This Week in the News: How Society Handles Depression

This Week in the News: How Society Handles Depression

After the events in the news this week, one of my New Year’s Resolutions is to be better about addressing depression, especially with close friends who I know are going through a difficult time.

Unless your New Year’s Resolution was to avoid social media, you might have come across posts and content focusing on vlogger Logan Paul, who took his camera into Japan’s suicide forest and recorded his reaction over finding a victim of suicide. I’m not going to focus on Logan Paul and his response, I feel like that has been done enough this week.
I do, however, want to touch on how we as a society handle depression.
I personally have just as hard a time as anyone trying to figure out how I can help my friends who are battling depression. It can feel awkward and as though we are overstepping someone else’s space if we push for answers or ask questions that might be viewed as deeply personal.
Rather than pull away because we’re uncomfortable, we should be asking questions—lots of questions. Most importantly, we should take a step back from what we think might be the problem, and actively listen to what our friend, family member, or coworker has to say without being judgmental.

Before the questions, we should also make sure we’ve done our research on how major depression and anxiety affect people. By taking some time to look research on our own before we talk to our loved ones, we’ll be able to have a better understanding of what questions we should be asking. Researching depression and anxiety can also give us information that we can use to help our friends: We can ask about the medications they might be on, whether or not they are experiencing any side effects, or help get them the information that might be useful to them.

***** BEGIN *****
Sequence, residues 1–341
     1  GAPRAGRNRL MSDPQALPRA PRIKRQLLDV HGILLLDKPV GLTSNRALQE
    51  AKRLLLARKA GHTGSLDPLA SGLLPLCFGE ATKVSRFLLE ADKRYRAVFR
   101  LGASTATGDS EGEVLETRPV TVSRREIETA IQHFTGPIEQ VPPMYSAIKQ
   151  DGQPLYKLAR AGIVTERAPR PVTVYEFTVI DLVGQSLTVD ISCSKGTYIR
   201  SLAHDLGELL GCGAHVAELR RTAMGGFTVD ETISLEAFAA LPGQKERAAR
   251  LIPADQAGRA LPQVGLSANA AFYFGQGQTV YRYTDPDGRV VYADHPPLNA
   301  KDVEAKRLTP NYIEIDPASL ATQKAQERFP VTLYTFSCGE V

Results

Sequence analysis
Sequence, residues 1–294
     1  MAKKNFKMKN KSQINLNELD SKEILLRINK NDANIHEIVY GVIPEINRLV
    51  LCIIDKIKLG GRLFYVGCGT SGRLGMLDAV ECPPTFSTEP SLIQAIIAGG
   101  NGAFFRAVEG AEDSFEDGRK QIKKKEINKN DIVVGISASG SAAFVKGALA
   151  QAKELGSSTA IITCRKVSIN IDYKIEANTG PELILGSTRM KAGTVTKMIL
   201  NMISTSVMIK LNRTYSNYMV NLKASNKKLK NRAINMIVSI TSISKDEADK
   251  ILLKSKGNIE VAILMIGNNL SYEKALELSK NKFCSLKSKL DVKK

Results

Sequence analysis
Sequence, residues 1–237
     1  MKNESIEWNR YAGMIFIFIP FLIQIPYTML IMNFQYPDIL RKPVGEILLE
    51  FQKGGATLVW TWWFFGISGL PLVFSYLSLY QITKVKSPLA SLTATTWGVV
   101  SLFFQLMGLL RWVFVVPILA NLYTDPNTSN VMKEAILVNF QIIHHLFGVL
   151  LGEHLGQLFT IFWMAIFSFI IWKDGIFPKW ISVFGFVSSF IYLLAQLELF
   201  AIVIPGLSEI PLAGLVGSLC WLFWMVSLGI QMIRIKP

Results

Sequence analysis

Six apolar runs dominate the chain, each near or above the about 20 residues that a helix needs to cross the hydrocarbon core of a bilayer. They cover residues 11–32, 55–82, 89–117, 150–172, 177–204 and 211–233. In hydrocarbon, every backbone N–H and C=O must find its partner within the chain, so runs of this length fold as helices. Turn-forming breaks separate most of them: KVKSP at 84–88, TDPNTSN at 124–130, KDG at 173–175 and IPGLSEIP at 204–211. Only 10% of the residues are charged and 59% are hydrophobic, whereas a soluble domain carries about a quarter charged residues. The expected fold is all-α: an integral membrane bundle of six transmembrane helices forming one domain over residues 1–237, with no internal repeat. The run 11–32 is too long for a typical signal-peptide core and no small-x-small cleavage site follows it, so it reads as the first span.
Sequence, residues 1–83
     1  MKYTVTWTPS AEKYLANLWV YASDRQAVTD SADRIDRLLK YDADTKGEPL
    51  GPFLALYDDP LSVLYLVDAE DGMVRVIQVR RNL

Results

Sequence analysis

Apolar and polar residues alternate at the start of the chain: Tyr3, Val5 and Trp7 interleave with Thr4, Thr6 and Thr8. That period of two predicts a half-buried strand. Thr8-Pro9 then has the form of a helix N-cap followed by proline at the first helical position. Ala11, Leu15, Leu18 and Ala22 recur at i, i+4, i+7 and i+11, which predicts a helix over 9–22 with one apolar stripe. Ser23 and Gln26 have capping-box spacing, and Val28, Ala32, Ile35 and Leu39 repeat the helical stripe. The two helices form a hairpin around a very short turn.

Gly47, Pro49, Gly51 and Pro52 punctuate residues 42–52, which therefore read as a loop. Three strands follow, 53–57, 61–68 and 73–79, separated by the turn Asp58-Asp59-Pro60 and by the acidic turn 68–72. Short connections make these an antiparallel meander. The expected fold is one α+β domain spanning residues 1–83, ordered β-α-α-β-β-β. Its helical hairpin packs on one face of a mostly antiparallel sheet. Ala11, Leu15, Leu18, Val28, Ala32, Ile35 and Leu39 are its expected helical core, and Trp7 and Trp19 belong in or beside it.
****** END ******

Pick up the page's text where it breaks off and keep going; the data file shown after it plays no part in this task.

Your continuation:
If they aren’t sure where the depression is stemming from, giving them the space to talk about it, asking questions about how they feel, and being patient if they aren’t ready to open up can go a long way in helping them reflect on the root of their depression. If you’re not sure where to start: Start by talking about what’s stressing them out. Let them vent and open up to you, try not to interject, and listen without giving them any advice unless they ask for it first.
As individuals, and as a society, we might not know how to ask for help, or how to effectively help others. We do know, however, how to be good people. Make your friends laugh, try to take their mind off their problems—but don’t disregard their problems entirely. Be present in the conversation, tell them all the things you admire about them and point out the strengths they might be forgetting about themselves.
If it’s hard to say these things in person, write them a letter, or a cute card to say how great they are and why they mean so much to you. Take time to check in, and don’t get frustrated if they don’t reach out right away.
I know this isn’t a lighthearted way to start out the New Year, but after reading countless news articles this week on the recent Logan Paul scandal and what it means for society, I think that taking part in the bigger discussion that is taking place is important for all of us.
If you have any recommendations or personal insights to helping those you love work through their depression, please let me know in the comments. I’d love to hear your opinions.

Reading a book is a effective method to relax and heal your mind that I recommend you to read Furiously Happy is about depression and mental illness, but deep down it’s about joy. #1 New York Times bestselling author Jenny Lawson explores her lifelong battle with mental illness who shares her own experience with severe depression and a host of other conditions. There is no doubt that life is so short that people should enjoy every moment in their life.


Amy Nguyen

Amy Nguyen

I feel happy to share my experiences with you about Travel - Food - Life around the world. I hope to inspire you to Live-Love- Laugh :)



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